4. I’m having issues with an online group of adult ed folks … we were presented a “challenge problem” supposed to be typical of the “new GED.” (http://resourceroomblog.wordpress.com/2014/05/29/challenge-problem/ )
    It was poorly written… and the “correct” answer assumed that two variables were equal, when there was no indication in the problem that they were equal; they were even given letters.
    However, if you sort of ignored that and put some stuff in the table they provided, you’d get the answer they wanted.
    When I described my difficulty with the problem, the person who posted the problem replied with all kinds of assurance that I shouldn’t feel frustrated; she tried to explain why the answer was right, and encouraged others to “help me understand.”
    I’ve said about five times that I understand the problem… and that it’s wrong… but that isn’t even considered.
    It seems so painfully clear that The Object Is To Get THe Right Answer — even if it isn’t. It’s so Orwellian to be encouraged to use “better” mathematical reasoning…

  5. I feel your pain, xiousgeonz. Believe me that I feel your pain. Thanks for backing me up on the This is not a straw man bit.

    When in the situation you have encountered, I find myself trying to state my case twice, and then acknowledging that the folks who argue back are not ready to hear what I have to say. I find that I need to tell myself this and move on. Otherwise my head becomes bruised from too much banging against the wall.

  6. It’s taken me four (second time I made the mistake of saying I would cease and desist, which of course got the reply that no, no, this should be a *safe* place for us to try to grow in our mathematical understanding…) Repeating my responses … is time better spent … on just about anything.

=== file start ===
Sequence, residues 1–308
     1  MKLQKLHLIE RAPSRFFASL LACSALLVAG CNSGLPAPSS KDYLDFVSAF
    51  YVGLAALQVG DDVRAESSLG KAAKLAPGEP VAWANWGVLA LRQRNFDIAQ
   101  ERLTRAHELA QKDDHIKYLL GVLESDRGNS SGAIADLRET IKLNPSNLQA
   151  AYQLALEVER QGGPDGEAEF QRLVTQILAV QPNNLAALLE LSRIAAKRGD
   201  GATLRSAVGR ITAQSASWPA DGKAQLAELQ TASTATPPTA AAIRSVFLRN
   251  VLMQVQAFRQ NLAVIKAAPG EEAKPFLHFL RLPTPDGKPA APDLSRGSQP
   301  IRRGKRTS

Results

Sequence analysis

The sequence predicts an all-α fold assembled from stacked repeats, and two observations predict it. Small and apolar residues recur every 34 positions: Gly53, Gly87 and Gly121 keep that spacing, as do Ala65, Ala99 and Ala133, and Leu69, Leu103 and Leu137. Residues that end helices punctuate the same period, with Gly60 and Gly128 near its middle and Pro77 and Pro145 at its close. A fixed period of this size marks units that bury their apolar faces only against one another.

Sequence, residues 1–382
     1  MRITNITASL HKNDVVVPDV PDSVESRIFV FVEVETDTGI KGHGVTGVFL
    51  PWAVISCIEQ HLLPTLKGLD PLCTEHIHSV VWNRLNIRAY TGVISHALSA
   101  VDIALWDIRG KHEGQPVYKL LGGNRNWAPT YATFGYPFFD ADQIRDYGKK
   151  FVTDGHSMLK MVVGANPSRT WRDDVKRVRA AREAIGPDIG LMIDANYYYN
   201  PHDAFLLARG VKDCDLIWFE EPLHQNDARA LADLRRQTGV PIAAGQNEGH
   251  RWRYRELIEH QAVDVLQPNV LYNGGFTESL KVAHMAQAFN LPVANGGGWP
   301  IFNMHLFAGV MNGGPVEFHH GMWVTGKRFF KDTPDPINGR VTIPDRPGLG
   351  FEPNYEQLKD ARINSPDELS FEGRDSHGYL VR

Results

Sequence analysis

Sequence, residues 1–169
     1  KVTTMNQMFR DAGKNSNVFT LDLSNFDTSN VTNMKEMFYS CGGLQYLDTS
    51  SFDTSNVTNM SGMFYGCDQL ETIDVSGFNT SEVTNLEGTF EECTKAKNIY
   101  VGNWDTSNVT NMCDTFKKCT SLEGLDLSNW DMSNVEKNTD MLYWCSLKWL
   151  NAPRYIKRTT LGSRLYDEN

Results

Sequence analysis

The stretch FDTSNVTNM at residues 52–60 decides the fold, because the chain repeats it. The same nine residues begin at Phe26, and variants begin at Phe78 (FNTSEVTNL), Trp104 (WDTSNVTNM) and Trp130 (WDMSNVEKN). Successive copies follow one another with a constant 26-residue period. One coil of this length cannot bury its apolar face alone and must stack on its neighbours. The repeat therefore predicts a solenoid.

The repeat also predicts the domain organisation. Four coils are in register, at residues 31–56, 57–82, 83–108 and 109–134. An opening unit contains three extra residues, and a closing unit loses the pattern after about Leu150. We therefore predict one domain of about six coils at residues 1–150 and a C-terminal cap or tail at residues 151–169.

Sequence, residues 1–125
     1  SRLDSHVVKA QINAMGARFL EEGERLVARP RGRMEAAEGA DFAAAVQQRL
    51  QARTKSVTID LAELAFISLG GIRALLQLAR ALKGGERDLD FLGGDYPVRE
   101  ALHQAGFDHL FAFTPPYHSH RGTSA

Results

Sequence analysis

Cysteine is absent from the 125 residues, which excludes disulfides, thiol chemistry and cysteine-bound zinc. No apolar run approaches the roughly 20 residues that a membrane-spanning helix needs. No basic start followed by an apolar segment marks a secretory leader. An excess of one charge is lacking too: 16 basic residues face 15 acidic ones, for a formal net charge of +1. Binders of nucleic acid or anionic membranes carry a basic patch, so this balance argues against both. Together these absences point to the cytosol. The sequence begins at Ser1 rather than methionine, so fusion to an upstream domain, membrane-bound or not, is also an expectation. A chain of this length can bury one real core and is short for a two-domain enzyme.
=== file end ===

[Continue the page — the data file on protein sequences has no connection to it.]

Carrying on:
7. There was nothing about that video that didn’t bother me, from the refusal to understand number sense to the blatant racism.

  8. @JustonAion – me, too.
    Unlike Seth Levett, I’m glad you said the video was supposed to be funny because otherwise I would have thought it was just sad and intended to flame the anti-Common Core sentiment.
    Is anyone helping parents understand how Common Core math is different and why? (And by the way, to just ask their child “how does your teacher want you to do this?” and then listen! Grrr.) I don’t know how to get this done, but it seems to me if we don’t get parents on our side we won’t succeed and will increase the anti-math sentiment and incidence of math anxiety, rather than reduce it.

  9. Agreed. If the schools are going to ask kids to explain their strategies on problems their parents think don’t have strategies, then there had better be clear messages home to the parents.

  10. Hello again.

    I wish Christopher had not included the video in this post. It’s distracting from what I think is the larger point. He states,

    “There are many possible goals, of course. I want to highlight two of these. I think that they stand in stark opposition to each other.

    To get the child to say, “six”.
    To get the child to think about number relationships.”